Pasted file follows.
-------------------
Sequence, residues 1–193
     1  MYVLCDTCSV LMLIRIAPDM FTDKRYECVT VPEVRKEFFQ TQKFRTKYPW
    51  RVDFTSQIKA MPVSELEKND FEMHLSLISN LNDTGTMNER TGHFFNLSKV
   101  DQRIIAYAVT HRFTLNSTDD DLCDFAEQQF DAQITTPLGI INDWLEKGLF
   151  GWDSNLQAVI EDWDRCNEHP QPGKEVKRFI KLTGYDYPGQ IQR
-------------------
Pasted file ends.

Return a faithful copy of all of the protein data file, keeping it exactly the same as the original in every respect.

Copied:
Sequence, residues 1–193
     1  MYVLCDTCSV LMLIRIAPDM FTDKRYECVT VPEVRKEFFQ TQKFRTKYPW
    51  RVDFTSQIKA MPVSELEKND FEMHLSLISN LNDTGTMNER TGHFFNLSKV
   101  DQRIIAYAVT HRFTLNSTDD DLCDFAEQQF DAQITTPLGI INDWLEKGLF
   151  GWDSNLQAVI EDWDRCNEHP QPGKEVKRFI KLTGYDYPGQ IQR